We’re guessing that like us, not many of you had an extra couple grand lying around to fly to the International Bodyshop Industry Symposium held last month in Dubai.
Fortunately, the IBIS Twitter feed typically offers enough provocative ideas from the summit to get technicians, shop owners, insurers and OEMs thinking about the future. The feed this year includes videos of presenters offering a sort of “elevator pitch” of their chosen subjects.
Obviously, you’re left wanting more. But hey, it’s free, and some of these guys will probably make it to NACE, SEMA or a Collision Industry Conference for you to gain more insights in the flesh.
Here are some of the highlights we saw in IBIS’ Twitter coverage of the conference and the videos. Learn more by checking out the full IBIS Twitter feed here — the good stuff was posted Feb. 21-22 — and definitely follow @IBISworldwide as well.
Retail Motor Industry Federation Executive Director Jason Moseley noted in an IBIS video that Europe and America are “dramatically consolidating” the collision repair industry.
“We’re predicting that within the next 10 years, 70 percent of all insurance-based repairs will come from probably four big consolidators,” he says on the video.
New business model?
Qatar Insurance Company Executive Vice President argued that perhaps there was a way dealerships, insurers and repairers could “team up” and result in a scenario where “Average profit goes down, but total profit goes up,” according to IBIS.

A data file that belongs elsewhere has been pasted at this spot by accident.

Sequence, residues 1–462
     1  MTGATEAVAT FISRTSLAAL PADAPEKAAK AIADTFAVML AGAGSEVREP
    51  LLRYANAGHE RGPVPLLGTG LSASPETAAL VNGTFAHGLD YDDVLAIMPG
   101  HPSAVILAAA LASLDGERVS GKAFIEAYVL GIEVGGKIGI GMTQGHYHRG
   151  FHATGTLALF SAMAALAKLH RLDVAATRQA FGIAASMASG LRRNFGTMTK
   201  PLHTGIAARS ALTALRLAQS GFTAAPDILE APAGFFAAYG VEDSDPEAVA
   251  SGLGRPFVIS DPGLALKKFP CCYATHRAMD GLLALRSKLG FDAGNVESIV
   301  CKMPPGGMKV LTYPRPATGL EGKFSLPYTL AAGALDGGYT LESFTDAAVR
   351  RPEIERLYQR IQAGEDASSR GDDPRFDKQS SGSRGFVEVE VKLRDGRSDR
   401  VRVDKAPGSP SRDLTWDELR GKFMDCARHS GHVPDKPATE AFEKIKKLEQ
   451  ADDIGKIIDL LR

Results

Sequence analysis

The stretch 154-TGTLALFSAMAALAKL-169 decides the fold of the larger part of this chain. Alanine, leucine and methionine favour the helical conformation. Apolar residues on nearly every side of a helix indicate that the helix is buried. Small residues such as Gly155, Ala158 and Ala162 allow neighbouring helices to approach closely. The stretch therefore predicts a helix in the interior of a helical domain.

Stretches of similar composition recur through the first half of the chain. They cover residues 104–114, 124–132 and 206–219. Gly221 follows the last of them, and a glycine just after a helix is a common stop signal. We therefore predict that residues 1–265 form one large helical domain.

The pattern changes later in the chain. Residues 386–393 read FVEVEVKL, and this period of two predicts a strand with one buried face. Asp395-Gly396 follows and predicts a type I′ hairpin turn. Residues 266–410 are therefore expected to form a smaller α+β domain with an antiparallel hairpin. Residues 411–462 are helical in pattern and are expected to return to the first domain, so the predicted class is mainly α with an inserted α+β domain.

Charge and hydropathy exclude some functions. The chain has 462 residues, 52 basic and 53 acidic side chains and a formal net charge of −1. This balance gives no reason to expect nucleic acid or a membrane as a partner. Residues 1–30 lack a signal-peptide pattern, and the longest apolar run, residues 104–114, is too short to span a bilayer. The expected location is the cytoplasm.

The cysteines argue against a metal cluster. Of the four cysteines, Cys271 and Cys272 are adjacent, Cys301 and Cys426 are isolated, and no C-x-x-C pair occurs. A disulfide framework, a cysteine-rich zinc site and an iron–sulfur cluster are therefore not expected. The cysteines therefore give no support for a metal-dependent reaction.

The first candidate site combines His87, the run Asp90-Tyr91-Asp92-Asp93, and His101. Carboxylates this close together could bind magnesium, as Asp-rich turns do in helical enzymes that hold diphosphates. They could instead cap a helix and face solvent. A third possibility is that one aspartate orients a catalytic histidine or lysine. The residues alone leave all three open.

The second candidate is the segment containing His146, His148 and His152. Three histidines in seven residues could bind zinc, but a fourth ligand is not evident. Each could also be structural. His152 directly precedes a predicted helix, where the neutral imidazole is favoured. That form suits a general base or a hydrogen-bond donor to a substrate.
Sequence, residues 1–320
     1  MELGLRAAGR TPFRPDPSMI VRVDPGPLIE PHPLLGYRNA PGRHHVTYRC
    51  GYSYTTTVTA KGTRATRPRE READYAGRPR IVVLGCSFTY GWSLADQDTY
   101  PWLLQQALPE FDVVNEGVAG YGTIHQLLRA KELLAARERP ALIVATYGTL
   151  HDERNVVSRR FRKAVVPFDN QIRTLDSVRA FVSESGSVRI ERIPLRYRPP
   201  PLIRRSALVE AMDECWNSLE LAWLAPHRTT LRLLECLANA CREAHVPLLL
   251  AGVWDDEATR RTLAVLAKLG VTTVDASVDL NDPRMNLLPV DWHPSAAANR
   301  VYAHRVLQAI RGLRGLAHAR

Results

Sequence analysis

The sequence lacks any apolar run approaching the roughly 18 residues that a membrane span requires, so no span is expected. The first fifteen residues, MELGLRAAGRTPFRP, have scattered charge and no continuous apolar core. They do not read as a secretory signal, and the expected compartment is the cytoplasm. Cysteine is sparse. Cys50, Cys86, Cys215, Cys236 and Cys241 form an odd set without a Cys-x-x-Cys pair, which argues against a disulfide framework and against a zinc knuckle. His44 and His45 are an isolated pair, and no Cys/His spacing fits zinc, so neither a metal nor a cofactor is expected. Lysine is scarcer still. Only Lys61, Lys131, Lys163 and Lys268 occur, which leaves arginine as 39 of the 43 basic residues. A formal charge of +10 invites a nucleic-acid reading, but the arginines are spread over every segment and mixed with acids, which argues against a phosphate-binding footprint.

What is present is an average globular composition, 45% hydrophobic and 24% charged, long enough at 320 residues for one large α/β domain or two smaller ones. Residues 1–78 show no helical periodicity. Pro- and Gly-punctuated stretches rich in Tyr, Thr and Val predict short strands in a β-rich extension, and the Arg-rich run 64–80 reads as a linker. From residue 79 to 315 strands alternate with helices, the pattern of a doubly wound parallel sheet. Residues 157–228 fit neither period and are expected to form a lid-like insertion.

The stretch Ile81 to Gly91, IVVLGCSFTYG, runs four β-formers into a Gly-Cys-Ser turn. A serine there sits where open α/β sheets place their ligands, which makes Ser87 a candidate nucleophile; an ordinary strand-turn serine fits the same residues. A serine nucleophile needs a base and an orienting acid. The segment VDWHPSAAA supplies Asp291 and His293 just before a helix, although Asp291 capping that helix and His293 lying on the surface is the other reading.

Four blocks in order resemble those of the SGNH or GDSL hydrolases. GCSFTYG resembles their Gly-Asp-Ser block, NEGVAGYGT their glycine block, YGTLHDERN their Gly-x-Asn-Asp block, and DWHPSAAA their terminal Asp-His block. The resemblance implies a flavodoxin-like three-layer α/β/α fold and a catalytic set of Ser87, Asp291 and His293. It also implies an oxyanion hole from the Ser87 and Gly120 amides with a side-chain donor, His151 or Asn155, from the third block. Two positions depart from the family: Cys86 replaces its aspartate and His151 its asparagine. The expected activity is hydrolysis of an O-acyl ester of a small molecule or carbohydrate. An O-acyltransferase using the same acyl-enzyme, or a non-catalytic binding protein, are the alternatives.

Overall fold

“We will need to establish trust between the parties,” he says in an IBIS video, and have each of the interests be transparent about “at least some parts of their books.”
Connected cars will disrupt insurance industry
Echoing a similar speech he made to a Guild 21 call in 2016, SCG Management Consultants President Sean Carey told the IBIS forum that connected cars will be “catastrophic” for insurers, according to IBIS.
IBIS tweeted that he predicted “insurers will be out of the claims business by 2020.”
These are likely references to the potential for connected vehicles to detect a collision and immediately connect the driver with an OEM-certified auto body shop — rather than risk a substandard repair by a direct repair program shop obligated to save the insurer money.
In an IBIS video, Carey notes that repairers might have “some learning to do.”
“There’s only one way to repair a car, the safe and proper way,” Carey says on the video. “Provided you’re equipped and trained for that, you’re in great shape going forward.”
Thatcham: Collision repairers should ‘wake up’
An expert from Thatcham also offered repair-related guidance to shops, according to the IBIS feed. The organization is like the United Kingdom’s Insurance Institute for Highway Safety but also researches auto body repair procedures.
Thatcham repair sector services head Dean Lander told collision repairers that “The biggest impact on your business will be the car itself,” according to IBIS.
In the IBIS video, he says the auto body industry “really needs to wake up and be ready to face these challenges and invest in the future.”
Don’t be afraid of data
Amjad Farah, global OEM key account manager at AkzoNobel, tells collision repairers in an IBIS video to embrace data even if the numbers seem intimidating.
“Do not be afraid of it,” Farah says on the video. “That data is your friend; it’s gonna help you determine what’s the right cost for the job, what’s the right profitability for your business, and how to get there as well.
International Bodyshop Industry Symposium Twitter feed
Featured image: The International Bodyshop Industry Symposium Twitter feed typically offers enough provocative ideas from an IBIS summit to get technicians, shop owners, insurers and OEMs thinking about the future. (Screenshot from www.twitter.com/IBISworldwide)